I also asked Richard if it was all right for me to quote from the student paper he emailed us earlier in the day. This is a paper by a student from Cornell who was in Vietnam with him, James Lowell Jackson. The paper, dated May 12 of this year (2015) lists contributions by three Vietnamese students, Trọng Nghĩa, Nguyễn Ngọc Mai, and Le Thi May Tam.

The paper chooses two “historic moments” of labor activism in Vietnam, and then moves onto the present to talk about the wildcat strikes. The paragraph right before the conclusion goes like this.

The VGCL has not been idle to these strikes, however. In responding to these strikes, the VGCL and Vietnamese Government has made some efforts in expanding collective bargaining at the enterprise level. The VGCL has worked together with the Ministry of Labor, Invalids, and Social Affairs (MOLISA) to expand the coverage of collective agreements to 60% of unionized businesses[1]. However, despite the increases in the quantity of the agreements, there have been little changes in the actual quality of these agreements as most of these expanded collective agreements simply follow the current labor law. Only approximately 40% of collective bargaining agreements have provisions above the statutory minimums[2]. The VGCL and DOLISA have established strike taskforces in the provincial levels[3]. These taskforces aim to intervene in strikes, encourage progressive employee-employer relations, and monitor factories who are possibly violating labor law[4]. Despite these efforts however, the strike taskforce does not address the true issue at hand that is worker distrust of the union.

The true issue at hand is worker distrust of the union. While I have always (at least for the last 30 years) been aware of the importance of the words “self organization” and “representatives of their own choosing,” in our labor laws, I have tended to forget how easily things might have been different. I think that freedom of association and self-organization and choosing one’s own representatives are inextricably linked. One leads to the other; the first leads to the second.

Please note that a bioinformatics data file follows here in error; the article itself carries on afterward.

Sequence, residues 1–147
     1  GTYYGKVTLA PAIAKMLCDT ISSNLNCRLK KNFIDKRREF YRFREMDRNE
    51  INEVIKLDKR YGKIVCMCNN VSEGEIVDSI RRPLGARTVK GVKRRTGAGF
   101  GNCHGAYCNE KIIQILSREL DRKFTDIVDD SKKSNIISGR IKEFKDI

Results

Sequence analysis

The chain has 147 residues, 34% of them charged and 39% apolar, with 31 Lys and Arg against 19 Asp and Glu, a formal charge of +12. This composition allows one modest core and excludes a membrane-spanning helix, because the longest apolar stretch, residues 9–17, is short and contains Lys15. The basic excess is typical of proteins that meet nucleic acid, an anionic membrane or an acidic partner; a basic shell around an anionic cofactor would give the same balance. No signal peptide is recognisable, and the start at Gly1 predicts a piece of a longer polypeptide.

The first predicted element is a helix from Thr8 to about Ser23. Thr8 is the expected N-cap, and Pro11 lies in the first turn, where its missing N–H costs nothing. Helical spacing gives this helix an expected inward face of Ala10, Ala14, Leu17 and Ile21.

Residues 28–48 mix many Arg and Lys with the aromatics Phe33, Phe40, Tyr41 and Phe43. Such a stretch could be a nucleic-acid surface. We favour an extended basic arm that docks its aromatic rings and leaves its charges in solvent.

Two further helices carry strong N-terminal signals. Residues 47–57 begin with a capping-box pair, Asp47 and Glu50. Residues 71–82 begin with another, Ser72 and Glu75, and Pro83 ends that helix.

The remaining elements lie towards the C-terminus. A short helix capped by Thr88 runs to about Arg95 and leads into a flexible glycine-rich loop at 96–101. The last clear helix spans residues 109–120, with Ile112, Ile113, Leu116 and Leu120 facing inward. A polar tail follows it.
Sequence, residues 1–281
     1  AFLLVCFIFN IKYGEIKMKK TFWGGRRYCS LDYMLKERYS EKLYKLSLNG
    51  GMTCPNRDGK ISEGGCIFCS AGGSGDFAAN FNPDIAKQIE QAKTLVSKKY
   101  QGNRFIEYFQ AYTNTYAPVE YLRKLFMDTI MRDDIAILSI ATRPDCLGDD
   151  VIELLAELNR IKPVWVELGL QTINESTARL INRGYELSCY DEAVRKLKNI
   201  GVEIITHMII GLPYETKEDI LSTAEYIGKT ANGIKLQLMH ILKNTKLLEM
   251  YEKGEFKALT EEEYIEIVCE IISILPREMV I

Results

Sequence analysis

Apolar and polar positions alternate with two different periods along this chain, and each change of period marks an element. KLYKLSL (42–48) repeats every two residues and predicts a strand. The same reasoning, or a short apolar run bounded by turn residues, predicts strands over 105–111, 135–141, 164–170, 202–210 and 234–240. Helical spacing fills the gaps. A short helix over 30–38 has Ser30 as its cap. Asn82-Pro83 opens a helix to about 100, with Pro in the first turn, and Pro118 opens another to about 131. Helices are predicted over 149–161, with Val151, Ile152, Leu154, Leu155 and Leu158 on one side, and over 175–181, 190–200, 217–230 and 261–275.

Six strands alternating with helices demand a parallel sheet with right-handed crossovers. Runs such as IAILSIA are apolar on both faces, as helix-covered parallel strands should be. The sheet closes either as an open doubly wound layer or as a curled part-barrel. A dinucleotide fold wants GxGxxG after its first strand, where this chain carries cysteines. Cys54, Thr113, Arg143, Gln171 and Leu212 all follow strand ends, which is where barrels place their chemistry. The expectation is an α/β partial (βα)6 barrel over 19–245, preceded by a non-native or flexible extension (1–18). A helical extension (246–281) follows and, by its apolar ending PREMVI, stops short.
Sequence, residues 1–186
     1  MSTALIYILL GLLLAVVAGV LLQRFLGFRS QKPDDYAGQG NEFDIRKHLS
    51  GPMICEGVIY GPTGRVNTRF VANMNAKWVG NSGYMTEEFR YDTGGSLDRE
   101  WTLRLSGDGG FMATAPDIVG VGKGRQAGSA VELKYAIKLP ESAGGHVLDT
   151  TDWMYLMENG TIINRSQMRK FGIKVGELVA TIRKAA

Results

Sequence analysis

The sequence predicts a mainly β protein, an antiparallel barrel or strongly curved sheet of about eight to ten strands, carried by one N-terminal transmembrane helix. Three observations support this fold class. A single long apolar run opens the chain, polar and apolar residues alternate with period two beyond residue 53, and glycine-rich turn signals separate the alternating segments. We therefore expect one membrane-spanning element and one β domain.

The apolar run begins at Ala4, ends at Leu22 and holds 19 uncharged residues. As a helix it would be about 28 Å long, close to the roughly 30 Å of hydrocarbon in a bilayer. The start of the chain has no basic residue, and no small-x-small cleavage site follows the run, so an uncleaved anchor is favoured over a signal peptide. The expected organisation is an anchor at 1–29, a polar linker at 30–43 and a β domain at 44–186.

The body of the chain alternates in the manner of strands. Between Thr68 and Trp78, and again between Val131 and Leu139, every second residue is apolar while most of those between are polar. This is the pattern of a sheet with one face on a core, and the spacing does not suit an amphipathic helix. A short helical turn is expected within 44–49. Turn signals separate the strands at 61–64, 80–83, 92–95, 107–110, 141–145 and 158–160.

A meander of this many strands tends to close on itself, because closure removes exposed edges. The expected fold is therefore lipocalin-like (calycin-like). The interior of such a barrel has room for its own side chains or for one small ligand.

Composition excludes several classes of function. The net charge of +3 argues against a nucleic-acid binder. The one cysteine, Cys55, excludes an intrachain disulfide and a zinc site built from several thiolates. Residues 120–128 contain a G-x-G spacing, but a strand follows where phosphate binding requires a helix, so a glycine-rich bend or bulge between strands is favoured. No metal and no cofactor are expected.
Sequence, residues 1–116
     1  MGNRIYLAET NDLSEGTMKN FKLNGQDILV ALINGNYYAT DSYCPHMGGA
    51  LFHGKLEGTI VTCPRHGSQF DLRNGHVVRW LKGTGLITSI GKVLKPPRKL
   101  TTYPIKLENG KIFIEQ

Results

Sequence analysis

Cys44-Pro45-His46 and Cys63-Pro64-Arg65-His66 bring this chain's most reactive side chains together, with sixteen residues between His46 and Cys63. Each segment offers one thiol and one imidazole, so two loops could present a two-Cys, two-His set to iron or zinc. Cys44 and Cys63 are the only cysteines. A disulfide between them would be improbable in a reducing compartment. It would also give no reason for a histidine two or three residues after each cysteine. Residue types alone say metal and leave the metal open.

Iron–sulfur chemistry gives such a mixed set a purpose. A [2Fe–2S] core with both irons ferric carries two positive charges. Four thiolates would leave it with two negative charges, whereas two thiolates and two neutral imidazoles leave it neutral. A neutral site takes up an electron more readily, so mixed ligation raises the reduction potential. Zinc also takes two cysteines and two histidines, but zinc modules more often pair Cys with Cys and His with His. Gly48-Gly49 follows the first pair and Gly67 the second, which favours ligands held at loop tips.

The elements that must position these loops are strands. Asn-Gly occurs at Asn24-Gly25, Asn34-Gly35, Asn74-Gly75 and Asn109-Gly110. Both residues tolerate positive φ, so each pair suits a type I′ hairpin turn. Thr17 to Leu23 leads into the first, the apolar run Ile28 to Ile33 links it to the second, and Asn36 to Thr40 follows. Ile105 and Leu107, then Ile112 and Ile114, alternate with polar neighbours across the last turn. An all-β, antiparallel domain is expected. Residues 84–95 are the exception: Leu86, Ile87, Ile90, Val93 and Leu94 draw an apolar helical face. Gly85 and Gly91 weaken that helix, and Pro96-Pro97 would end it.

Here is the language itself, from the NLRA:

Employees shall have the right to self-organization, to form, join, or assist labor organizations, to bargain collectively through representatives of their own choosing, and to engage in other concerted activities for the purpose of collective bargaining or other mutual aid or protection….

If you take this language seriously, then the activities of self-organizing and choosing our representatives become a preoccupation of the union, involving a lot of discussion, meeting, airing issues, education, etc. But these are also the processes that build the power of the union and form its defenses when it comes to meeting the boss. They are the processes that make it possible for the members to trust the union.

How does this translate into a class? In Joe’s case, a class on community mobilization or internal organizing; in my case, a class on leadership?


(The following footnotes are from the  paper by James Jackson. I did not copy the biblography.

[1] Chi and Broek 2013, 792

[2] Ibid.

[3] Fincher 2012

[4] Fincher 2012